The Mash House Brewing Company not only works to utilize local suppliers in the main aspects of their business, but also remains environmentally conscious by making an active attempt to reduce, reuse and recycle.
“All of our grain that we use to make beer goes to the to the cattle farmers who supply us with beef. And so, our beer waste goes to the cattle, we buy the cattle, we butcher them, we sell them in our restaurants,” said Groveunder. “We're all about that. Everything in my restaurant as far as to-go ware, it's all green. It's all compostable. It's all recyclable. We're one of the first restaurants in on the Eastern Seaboard to do that. We did it before Starbucks had sip cups, we had sip cups. That's our commitment to the environment, to not waste, to recycle and reuse as much as we possibly can. It's important to us.”
Groveunder said he tries to prioritize working within the business community both on a city and state level and keeping a local focus when possible is a benefit overall.
“I think when you when you live somewhere where you spend your money in that community, it's very important to give back to that community and to utilize the partners that we have in the city and even in the surrounding area,” said Groveunder. “When we say local, we mean North Carolina. A lot of our produce comes from North Carolina, we try to buy products that are associated with our brewery from North Carolina. But there's not a lot of farmers here growing barley, not a lot of forest farmers producing hops. So, we have to do what we can to sustain our supply chain and sometimes that means we have to go outside of the realm. But there are farmers in Asheville now who are growing hops, who are growing barley, and it's starting to come into the state more and more. But our food side is where the majority of our commitment is right now to our operation. Eventually the state will catch up and we'll be able to hopefully buy barley and buy hops here in North Carolina.”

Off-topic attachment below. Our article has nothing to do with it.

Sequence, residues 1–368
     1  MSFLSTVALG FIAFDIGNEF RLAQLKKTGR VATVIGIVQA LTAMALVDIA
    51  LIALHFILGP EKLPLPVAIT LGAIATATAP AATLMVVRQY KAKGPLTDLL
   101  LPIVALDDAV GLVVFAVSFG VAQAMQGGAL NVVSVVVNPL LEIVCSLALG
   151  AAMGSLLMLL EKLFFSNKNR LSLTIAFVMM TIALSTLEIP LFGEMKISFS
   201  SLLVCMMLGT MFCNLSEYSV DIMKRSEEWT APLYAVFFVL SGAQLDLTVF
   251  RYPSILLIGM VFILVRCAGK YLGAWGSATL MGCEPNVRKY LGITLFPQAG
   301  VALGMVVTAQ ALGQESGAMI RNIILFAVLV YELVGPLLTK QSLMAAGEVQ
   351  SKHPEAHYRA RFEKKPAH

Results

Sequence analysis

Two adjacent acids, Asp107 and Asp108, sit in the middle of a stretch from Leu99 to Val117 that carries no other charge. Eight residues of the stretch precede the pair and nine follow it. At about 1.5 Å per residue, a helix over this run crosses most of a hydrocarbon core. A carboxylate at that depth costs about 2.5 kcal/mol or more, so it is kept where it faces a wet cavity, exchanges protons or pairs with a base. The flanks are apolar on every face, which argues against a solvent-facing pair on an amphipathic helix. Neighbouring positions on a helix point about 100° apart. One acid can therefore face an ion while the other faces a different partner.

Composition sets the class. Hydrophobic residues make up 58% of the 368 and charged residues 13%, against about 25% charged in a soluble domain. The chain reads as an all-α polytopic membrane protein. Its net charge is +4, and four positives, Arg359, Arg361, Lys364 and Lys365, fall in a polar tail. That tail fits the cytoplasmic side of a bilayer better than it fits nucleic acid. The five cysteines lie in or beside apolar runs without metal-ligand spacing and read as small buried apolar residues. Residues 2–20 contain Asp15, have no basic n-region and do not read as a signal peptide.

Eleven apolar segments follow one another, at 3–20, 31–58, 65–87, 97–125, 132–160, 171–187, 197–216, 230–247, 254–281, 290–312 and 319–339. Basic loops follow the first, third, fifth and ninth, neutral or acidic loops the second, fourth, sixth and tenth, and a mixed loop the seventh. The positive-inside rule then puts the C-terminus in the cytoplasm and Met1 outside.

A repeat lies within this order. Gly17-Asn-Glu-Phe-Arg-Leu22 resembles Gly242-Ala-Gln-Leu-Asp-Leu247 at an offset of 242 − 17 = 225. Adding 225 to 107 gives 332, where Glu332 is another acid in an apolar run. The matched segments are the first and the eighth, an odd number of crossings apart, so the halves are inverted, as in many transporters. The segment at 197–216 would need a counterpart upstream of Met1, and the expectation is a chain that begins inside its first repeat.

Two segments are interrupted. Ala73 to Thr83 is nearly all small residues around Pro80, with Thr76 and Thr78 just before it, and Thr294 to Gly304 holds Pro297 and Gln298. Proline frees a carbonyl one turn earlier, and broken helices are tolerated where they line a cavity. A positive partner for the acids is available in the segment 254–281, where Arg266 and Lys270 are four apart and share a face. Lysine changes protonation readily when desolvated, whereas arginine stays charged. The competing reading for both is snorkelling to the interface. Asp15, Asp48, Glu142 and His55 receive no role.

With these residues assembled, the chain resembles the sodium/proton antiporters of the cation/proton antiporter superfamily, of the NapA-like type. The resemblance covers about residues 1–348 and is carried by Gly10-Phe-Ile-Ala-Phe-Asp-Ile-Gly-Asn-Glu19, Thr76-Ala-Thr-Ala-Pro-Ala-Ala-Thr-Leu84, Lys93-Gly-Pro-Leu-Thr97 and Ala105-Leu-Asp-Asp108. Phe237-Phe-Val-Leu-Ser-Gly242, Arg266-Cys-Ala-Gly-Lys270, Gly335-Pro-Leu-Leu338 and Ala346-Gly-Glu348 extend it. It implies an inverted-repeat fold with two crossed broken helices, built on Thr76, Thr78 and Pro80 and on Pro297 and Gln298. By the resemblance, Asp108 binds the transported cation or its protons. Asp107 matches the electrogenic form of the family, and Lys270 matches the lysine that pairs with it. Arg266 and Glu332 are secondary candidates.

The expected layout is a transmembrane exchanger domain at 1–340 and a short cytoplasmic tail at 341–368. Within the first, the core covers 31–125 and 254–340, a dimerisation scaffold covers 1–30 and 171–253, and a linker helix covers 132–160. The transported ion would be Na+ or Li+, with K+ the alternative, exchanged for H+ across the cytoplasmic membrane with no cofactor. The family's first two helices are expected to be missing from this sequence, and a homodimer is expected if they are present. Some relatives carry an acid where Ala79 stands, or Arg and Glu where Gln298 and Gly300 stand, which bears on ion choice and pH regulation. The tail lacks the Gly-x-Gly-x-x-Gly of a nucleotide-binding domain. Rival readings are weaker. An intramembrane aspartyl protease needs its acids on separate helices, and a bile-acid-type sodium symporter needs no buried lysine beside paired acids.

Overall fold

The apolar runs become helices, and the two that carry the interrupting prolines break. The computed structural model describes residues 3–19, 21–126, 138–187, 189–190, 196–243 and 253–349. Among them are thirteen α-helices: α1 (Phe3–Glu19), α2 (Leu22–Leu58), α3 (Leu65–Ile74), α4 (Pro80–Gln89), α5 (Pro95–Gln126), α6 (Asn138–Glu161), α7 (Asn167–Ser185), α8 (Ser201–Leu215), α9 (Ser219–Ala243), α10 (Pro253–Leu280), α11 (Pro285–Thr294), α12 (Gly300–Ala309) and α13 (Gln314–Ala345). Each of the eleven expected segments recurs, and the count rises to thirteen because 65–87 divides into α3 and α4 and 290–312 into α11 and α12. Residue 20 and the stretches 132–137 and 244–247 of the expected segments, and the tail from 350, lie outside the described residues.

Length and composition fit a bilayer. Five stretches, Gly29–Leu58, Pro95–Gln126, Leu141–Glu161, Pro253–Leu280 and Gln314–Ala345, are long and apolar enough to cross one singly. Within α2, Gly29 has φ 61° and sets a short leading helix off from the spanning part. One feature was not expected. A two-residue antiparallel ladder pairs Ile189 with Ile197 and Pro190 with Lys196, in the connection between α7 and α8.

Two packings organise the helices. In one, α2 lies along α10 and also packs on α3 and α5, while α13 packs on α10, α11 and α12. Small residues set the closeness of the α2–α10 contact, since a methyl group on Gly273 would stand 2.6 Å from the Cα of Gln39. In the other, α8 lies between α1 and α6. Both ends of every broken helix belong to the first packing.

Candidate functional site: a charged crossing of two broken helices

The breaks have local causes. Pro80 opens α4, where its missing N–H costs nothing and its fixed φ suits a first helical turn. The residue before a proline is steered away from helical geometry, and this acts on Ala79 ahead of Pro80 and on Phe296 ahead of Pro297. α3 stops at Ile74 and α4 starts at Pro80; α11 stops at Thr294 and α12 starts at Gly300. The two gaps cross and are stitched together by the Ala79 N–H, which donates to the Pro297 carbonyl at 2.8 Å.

With six different ways to sample some of the brews at the Mash House, Groveunder said anyone and everyone willing to try something new is welcome to stop in for a beer.
“For someone like us, we're bringing something uniquely different in Fayetteville. We offer things that other breweries don't offer. Anybody can come into my restaurant or my bar and they can taste any beer we have. We offer things for our guests that none of our competitors can do,” said Groveunder. “A majority of my staff I've had since I've been here and we don't have a lot of turnover, because my staff is happy. Happy content staff makes for a great experience. Whether it's two people or it's 200 people, we treat every group the same. Everybody gets a consistent service experience and great quality food and great quality beer.”
Photo provided by GFAAAs the housing market in the Fayetteville Metropolitan Area continues to experience a cool down following COVID-19 supply delays and finally seeing a slowdown in demand after two years, increased interest in affordable rental pr
Photo provided by TechNetThe North Carolina Chapter of the Armed Forces Communications and Electronics Association is hosting a local conference Feb. 9 and 10. TechNet Fort Bragg 2023 will take place at the Iron Mike Conference Center, on Fort Bragg.
Tima Miroshnichenko/PexelsSecurity is of the utmost importance for creating and operating a successful business and establishing trust among clients. As tax season kicks into full swing, it’s extra important for businesses to take precautions when se